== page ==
Tokyo: A recent poll in Japan indicated on Monday that nearly three quarters of Japanese voters are unhappy with the centre-left government's handling of the Fukushima nuclear power plant disaster.

The survey came days before Prime Minister Naoto Kan faces a threatened no-confidence motion by the Conservative opposition, which is unlikely to pass but nonetheless presents a fresh political headache for him.

The Nikkei financial daily said in its survey that 74 percent of respondents were unhappy with the Kan government's management of the nuclear crisis, up from 70 percent in a survey in April.

Public support for Kan's cabinet stood at 28 percent, compared to 27 percent in April, the Nikkei said.

The phone survey was carried out from Friday to Sunday, covering 1,513 voters, of whom 59.4 percent gave valid responses, in regions across Japan excluding areas hit hard by the March 11 quake and tsunami.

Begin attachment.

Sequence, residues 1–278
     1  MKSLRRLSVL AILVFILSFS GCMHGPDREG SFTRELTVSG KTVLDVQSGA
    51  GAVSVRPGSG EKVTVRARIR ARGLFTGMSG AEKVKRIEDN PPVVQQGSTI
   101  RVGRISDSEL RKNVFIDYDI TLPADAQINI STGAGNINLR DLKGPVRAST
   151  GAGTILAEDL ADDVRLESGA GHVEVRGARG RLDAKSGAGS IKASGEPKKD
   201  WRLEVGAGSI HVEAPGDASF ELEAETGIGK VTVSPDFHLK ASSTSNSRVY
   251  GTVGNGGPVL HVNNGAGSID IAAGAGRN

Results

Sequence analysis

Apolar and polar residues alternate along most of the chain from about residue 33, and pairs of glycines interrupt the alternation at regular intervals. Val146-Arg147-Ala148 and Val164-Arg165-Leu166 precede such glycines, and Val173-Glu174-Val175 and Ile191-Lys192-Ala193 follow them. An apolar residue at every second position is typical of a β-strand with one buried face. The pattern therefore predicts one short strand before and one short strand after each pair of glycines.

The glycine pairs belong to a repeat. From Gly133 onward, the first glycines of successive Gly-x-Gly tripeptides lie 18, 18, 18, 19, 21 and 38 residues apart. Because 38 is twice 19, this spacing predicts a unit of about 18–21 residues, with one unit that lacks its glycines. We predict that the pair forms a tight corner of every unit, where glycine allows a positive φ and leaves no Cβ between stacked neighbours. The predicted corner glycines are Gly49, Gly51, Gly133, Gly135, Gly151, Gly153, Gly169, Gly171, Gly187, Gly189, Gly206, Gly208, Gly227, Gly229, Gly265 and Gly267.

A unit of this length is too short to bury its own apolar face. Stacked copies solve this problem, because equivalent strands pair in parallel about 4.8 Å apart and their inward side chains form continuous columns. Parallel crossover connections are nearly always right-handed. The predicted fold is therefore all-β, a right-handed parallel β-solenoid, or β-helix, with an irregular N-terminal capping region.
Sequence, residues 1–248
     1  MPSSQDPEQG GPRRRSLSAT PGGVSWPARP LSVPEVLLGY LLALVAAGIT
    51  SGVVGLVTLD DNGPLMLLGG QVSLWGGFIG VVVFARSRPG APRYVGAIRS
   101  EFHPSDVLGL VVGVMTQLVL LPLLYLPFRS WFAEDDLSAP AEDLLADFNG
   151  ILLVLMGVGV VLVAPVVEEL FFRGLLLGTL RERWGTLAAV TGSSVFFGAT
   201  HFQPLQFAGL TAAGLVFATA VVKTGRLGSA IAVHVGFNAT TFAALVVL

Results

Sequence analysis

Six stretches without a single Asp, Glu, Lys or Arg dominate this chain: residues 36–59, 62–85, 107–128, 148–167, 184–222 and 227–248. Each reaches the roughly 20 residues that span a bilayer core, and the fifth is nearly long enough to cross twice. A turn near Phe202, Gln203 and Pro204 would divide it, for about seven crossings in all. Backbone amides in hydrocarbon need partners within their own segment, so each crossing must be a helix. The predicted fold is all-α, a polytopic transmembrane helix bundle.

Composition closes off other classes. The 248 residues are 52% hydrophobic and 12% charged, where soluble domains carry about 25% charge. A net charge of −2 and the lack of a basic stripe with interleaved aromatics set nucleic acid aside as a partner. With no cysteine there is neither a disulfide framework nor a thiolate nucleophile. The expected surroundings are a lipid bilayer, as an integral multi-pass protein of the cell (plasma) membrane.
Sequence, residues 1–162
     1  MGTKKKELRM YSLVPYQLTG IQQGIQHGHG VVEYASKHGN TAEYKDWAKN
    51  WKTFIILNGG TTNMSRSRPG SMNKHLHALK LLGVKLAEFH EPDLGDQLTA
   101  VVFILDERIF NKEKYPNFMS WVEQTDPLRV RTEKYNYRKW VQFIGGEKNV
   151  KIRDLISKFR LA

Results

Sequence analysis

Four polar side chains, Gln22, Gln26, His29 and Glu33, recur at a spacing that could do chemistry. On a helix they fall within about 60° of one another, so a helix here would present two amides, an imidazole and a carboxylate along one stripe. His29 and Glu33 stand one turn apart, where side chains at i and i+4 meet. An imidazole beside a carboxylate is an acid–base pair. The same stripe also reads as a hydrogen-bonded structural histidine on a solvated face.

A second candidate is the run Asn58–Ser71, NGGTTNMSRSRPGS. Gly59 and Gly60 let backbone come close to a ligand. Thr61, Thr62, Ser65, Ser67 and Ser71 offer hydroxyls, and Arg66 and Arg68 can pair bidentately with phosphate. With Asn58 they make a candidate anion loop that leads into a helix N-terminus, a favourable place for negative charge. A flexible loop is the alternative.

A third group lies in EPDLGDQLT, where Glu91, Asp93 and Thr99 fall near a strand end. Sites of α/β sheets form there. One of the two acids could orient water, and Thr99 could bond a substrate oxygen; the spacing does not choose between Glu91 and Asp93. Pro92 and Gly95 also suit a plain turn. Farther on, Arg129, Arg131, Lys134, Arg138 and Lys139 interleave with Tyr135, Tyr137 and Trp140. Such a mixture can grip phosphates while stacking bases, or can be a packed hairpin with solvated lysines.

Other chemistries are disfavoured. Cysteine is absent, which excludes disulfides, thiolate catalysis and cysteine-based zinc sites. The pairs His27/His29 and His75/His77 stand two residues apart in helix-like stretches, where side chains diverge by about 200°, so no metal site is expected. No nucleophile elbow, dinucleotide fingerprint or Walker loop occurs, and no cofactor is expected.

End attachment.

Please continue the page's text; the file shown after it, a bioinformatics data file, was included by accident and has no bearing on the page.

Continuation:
Tokyo Electric Power Company, the nuclear plant's operator, has struggled to tackle the crisis since the seismic disaster crippled cooling systems at the plant, triggering multiple reactor meltdowns and radiation leaks.

Since gauges were installed or repaired earlier this month, TEPCO has confirmed experts' fears that fuel rods inside reactors one, two and three have been exposed to the air and partially melted.

TEPCO now believes it will be impossible to end the crisis by the end of the year as it earlier predicted, Kyodo News reported today, quoting a senior company official who said "there will be a major delay to work".

TEPCO on April 17 announced its roadmap toward achieving a stable state of "cold shutdown" in all reactors in six to nine months. The company said earlier this month that it was on schedule.